The Court agrees with the Magistrate Judge's conclusion that Ground One does not raise a cognizable claim for federal habeas review.[3] As the Magistrate Judge recognized, a conditional guilty plea does not violate the Constitution or any federal law. See Fed. R. Crim. P. 11(a)(2) (authorizing the entry of a conditional guilty plea); see also State v. Rice, 401 S.C. 330, 332, 737 S.E.2d 485, 486 (2013) ("While South Carolina has remained steadfast in its opposition to conditional guilty pleas, many states allow conditional guilty pleas, primarily through statutes and court rules. In fact today, most states, all federal courts, military courts, and the District of Columbia permit conditional guilty pleas in some manner."). Moreover, Petitioner cannot use a federal habeas petition to challenge an alleged error of state law. See Estelle v. McGuire, 502 U.S. 62, 67 (1991) ("[W]e reemphasize that it is not the province of a federal habeas court to reexamine state-court determinations on state-law questions. In conducting habeas review, a federal court is limited to deciding whether a conviction violated the Constitution, laws, or treaties of the United States."); Lewis v. Jeffers, 497 U.S. 764, 780 (1990) (reiterating "federal habeas corpus relief does not lie for errors of state law"). Accordingly, the Court overrules Petitioner's objection and adopts the Magistrate Judge's recommendation as to Ground One.

B. Ground Two

Petitioner alleged in Ground Two of his petition that his guilty plea was rendered involuntary as a result of multiple instances of ineffective assistance of plea counsel. Petition at 7; ECF No. 1-2 at 4-16. The two instances relevant to Petitioner's objections are the allegations that plea counsel was ineffective for (1) failing to move to dismiss the indictments because they were not timely filed pursuant to Rule 3(c) of the South Carolina Rules of Criminal Procedure (SCRCrimP); and (2) failing to provide adequate representation at the plea bargaining stage. Id. Petitioner raised these claims in his state post-conviction relief (PCR) application, and the state PCR court rejected them. See ECF No. 19-1 at 48, 54-62, 94-100; ECF Nos. 19-4, 19-7, and 19-8. The Magistrate Judge addresses the ineffective assistance claims on the merits and recommends the Court grant Respondent's motion for summary judgment as to Ground Two. R & R at 12-17. In his objections, Petitioner makes the general objection that he "object[s] and re-argue[s] verbatim" the ineffective assistance allegations presented in his petition. ECF No. 35 at 3. Petitioner does, however, present two specific objections. Id. at 2-4. He first argues the Magistrate Judge erred in finding he failed to show plea counsel was ineffective for failing to move to dismiss the indictments pursuant to Rule 3(c), SCRCrimP. Id. at 3-4. Second, Petitioner contends the Magistrate Judge erred by not addressing the argument in his petition concerning Lafler v. Cooper, 132 S.Ct. 1376 (2012).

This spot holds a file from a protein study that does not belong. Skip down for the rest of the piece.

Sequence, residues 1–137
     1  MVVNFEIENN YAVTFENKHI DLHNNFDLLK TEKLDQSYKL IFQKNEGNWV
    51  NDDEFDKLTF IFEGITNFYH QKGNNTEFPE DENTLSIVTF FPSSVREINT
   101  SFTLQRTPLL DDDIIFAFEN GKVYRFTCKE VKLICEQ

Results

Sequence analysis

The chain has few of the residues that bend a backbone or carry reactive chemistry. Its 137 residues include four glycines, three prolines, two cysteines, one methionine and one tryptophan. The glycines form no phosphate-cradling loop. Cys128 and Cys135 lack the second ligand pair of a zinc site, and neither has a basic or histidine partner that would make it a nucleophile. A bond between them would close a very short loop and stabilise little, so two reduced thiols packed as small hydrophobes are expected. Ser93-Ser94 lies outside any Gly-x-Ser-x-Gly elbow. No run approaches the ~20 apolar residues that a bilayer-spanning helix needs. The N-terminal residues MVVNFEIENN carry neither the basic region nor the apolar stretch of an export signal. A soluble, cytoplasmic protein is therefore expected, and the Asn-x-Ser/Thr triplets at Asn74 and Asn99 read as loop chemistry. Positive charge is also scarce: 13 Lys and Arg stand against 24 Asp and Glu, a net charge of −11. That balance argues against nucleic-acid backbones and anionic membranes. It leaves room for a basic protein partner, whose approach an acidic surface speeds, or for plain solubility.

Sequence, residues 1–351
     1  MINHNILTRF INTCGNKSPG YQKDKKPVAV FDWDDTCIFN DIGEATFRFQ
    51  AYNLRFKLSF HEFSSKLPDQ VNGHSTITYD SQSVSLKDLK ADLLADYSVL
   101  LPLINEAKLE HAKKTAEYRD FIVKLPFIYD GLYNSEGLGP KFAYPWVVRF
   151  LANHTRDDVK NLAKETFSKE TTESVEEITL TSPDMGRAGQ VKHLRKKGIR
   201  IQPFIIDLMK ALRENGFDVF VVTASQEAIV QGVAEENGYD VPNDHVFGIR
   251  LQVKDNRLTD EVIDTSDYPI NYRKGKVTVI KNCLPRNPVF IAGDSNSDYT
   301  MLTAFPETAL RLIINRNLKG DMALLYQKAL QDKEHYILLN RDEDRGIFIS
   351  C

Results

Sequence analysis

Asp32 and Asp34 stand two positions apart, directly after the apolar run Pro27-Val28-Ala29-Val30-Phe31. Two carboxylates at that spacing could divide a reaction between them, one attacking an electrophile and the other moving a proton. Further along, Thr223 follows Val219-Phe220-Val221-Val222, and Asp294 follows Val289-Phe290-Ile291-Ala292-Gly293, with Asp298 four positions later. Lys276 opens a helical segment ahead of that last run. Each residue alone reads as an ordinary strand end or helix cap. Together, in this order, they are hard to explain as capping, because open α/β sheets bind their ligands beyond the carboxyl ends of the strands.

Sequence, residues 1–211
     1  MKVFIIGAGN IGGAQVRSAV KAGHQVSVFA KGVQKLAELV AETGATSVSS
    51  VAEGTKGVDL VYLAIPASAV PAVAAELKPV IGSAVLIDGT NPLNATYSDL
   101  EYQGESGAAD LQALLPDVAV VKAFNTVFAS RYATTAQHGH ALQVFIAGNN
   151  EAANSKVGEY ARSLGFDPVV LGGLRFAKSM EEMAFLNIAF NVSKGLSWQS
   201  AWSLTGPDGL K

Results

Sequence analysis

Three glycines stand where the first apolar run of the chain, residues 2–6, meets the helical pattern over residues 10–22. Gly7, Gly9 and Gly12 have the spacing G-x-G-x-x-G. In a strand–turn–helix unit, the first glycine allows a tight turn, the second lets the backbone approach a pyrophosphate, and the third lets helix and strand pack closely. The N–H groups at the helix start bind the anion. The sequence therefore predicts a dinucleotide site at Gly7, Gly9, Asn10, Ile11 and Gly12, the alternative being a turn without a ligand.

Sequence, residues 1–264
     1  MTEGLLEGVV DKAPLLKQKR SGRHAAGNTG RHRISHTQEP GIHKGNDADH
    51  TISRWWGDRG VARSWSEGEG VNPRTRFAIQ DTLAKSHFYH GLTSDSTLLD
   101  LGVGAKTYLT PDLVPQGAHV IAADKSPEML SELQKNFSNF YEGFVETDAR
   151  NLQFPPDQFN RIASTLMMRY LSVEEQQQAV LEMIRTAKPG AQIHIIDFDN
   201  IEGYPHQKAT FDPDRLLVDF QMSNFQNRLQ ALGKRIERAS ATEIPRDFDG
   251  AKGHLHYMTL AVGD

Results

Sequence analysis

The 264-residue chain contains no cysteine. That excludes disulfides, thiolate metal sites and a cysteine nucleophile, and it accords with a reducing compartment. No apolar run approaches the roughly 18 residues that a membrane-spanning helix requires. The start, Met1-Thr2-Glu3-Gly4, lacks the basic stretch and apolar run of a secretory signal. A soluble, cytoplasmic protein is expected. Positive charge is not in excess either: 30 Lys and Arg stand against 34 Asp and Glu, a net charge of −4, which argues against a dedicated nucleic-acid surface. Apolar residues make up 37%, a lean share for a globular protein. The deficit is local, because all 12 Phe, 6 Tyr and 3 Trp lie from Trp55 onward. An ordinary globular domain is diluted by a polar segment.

Claims of ineffective assistance of counsel must be reviewed under the two-part test enunciated in Strickland v. Washington, 466 U.S. 668 (1984). A habeas petitioner must first show counsel's performance was deficient and fell below an objective standard of reasonableness. Id. at 687-88. Second, the petitioner must show prejudice, meaning "there is a reasonable probability that, but for counsel's unprofessional errors, the result of the proceeding would have been different." Id. at 688, 694. In cases brought under § 2254, "it is not enough to convince a federal habeas court that, in its independent judgment, the state-court decision applied Strickland incorrectly. Rather, ... § 2254(d)(1) requires a habeas petitioner to show that the state court applied Strickland to the facts of his case in an objectively unreasonable manner." James v. Harrison, 389 F.3d 450, 457 (4th Cir. 2004) (internal quotation marks and citations omitted).